James Archer Abbott
James Archer Abbott currently serves as the Executive Director of the Lewes Historical Society in Lewes, Delaware. A graduate of Vassar College and the State University of New York/FIT, he has previously served as a museum director and/or curator for Johns Hopkins University’s Evergreen Museum & Library, the Baltimore Museum of Art, Boscobel House and Gardens, Historic Hudson Valley, and the National Trust for Historic Preservation. Among his publications is Designing Camelot: The Kennedy White House Restoration, which he co-authored with Elaine Rice Bachmann and which will be reissued by the WHHA and Winterthur in 2021.
William Allman served in the Office of the Curator of the White House for 41 years, the last 15 years as the Curator until his retirement in June 2017. He is the author of the 2016 edition of Official White House China From the 18th to the 21st Centuries and co-author of Something of Splendor, Decorative Arts from the White House (to accompany a 2012 exhibition at the Renwick Gallery), both published by the White House Historical Association.
Elaine Rice Bachmann
Elaine Rice Bachmann is the Deputy State Archivist of Maryland, and Secretary of the State House Trust. A graduate of Indiana University, she received her master’s degree from the Winterthur Program at the University of Delaware. She is the co-author of Designing Camelot: The Kennedy White House Restoration, with James A. Abbott, which will be published in a new edition in 2021 by the WHHA and Winterthur. She is also the co-author of a history of Maryland’s governor’s mansion published in 2018, and a children’s book on the Wye Oak published in 2006.
Katharine “Kathy” P. Booth
Katharine “Kathy” P. Booth was elected as a trustee of Winterthur Museum, Garden & Library in 2008 and has served as Chair of the Board since 2014. She is the first woman to hold this role at Winterthur and is dedicated to furthering the vision of the institution’s founder, Henry Francis du Pont.
Kathy is also a member of the American Art Committee of the Philadelphia Museum of Art and Bryant Fellows of The Metropolitan Museum of Art. Past board experience includes Canterbury Shaker Village, Hamilton College, and the New York State Historical Association. In addition, she has been deeply involved with The Philadelphia Antiques Show, co-curating five of the loan exhibitions.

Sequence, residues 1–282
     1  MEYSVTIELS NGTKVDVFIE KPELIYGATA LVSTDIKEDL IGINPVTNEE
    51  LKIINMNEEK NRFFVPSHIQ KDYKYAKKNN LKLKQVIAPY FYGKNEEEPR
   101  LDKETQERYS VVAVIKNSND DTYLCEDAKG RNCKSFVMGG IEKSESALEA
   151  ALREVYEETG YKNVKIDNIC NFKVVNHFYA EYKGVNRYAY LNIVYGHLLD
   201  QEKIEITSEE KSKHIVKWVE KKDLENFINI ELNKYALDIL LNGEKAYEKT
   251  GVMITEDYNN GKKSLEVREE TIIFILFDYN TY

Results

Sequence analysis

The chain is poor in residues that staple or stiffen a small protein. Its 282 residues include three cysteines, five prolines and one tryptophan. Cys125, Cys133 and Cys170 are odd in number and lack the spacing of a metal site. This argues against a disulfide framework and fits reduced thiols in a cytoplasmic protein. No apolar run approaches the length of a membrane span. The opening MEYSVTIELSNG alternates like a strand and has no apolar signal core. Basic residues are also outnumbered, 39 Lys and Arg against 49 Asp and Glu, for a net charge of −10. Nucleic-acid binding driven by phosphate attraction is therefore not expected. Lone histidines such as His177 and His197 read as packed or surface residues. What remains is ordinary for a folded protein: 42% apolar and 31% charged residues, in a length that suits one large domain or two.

In 2011 Kathy and her husband, Dr. Robert Booth, received the Francis Anne Wister Award, bestowed by the Philadelphia Society for the Preservation of Landmarks. The Booths are among the nation’s most celebrated collectors of Shaker furniture and artifacts, American folk art, American cast iron penny banks, and Pennsylvania German decorative arts and ceramics.
In her spare time, Kathy enjoys collecting and researching American decorative arts and American folk art from the eighteenth to twentieth centuries, as well as lending to various museum exhibitions.
Carol Cadou is the Charles F. Montgomery Director and CEO of Winterthur Museum. She assumed her role in May of 2018, after serving George Washington’s Mount Vernon for nineteen years—first as Curator and most recently as Senior Vice President for Historic Preservation and Collections.
Prior to Mount Vernon, Carol was the Curator for the Maryland State Art Collection in Annapolis and the Curator of Education and Interpretation at Historic Charleston Foundation. Carol is a graduate of Wellesley College, the Sotheby’s American Arts Course, and the Winterthur Program in American Material Culture, a master’s degree offered in conjunction with the University of Delaware. Her publications range from The Installation of Historic Architecture at Winterthur Museum to The George Washington Collection: Fine and Decorative Arts at Mount Vernon. Carol’s latest book, Stewards of Memory: The Past, Present, and Future of Historic Preservation at George Washington’s Mount Vernon was released this year.
Wendy A. Cooper